There’s a growing divide in the tech sector, as well as the larger American workforce, between formal employees and contractors who often do the same work for less money, fewer benefits, and scant perks. The unequal treatment of contractors and temps was one of the issues raised by organizers of the Google Walkout on November 1, as well as at other companies in Silicon Valley, where more and more activists are demanding change. That includes Facebook, where Casey Newton’s recent exposé revealed that some contracted content moderators are paid just $28,000 a year, almost a tenth of the total compensation of the average Facebook employee ($240,000).
The fight for solidarity may now be spreading to Facebook, with the launch this week of a group called Workers for Workers. Its website features anonymous stories by Facebook contractors, known as “contingent workers.” The first (and thus far only) post, by someone called “Alice,” states: “The number one thing I’m worried about right now is being stuck in these kinds of contracting roles forever. Never making more than $25 an hour, and being a permanent contractor . . . ” It doesn’t say how long Alice has been contracting. (I’ve been reaching out to Worker for Worker but have not yet heard back from them.)
The group is running a survey of staff and contingent workers to gauge the mood and conditions at Facebook, with questions such as: How safe do you feel at Facebook the workplace? (Activists at Google note that contractors didn’t receive the same safety updates that staffers did during the April YouTube shooting incident in which three workers were injured and the attacker killed herself.)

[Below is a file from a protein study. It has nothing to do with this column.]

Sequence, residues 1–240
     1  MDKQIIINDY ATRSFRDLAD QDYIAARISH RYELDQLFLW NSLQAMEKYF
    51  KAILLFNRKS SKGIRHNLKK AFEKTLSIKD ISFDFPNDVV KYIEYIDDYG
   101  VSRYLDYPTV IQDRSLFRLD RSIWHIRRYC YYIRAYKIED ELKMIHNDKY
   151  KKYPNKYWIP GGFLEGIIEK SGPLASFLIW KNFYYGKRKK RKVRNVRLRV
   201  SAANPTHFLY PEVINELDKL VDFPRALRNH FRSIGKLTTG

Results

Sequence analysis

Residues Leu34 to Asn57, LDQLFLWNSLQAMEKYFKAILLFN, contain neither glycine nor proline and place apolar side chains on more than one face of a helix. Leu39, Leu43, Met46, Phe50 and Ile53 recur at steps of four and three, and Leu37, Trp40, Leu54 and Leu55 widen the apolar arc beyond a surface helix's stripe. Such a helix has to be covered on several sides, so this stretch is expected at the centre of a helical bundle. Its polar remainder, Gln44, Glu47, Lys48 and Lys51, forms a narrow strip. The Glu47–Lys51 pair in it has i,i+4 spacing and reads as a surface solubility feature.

— Workers For Workers ✊????✊????✊???? (@workers4workers) March 7, 2019
Other survey questions include topics like how optimistic workers are about their long-term career prospects, who employs them (contractors go through one or more agencies), and if they can “afford to live within a reasonable commuting distance” of their Facebook office. Twenty-five dollars per hour works out to about $52,000 per year, in an industry (in)famous for six-figure salaries, with offices often in the most expensive housing markets. (Still, it beats the $15 per hour that gig workers are striving for at companies like DoorDash and Instacart.)
Where is this effort heading? The “Campaigns” section of the website states, “More to come soon!” We’ll keep an eye out.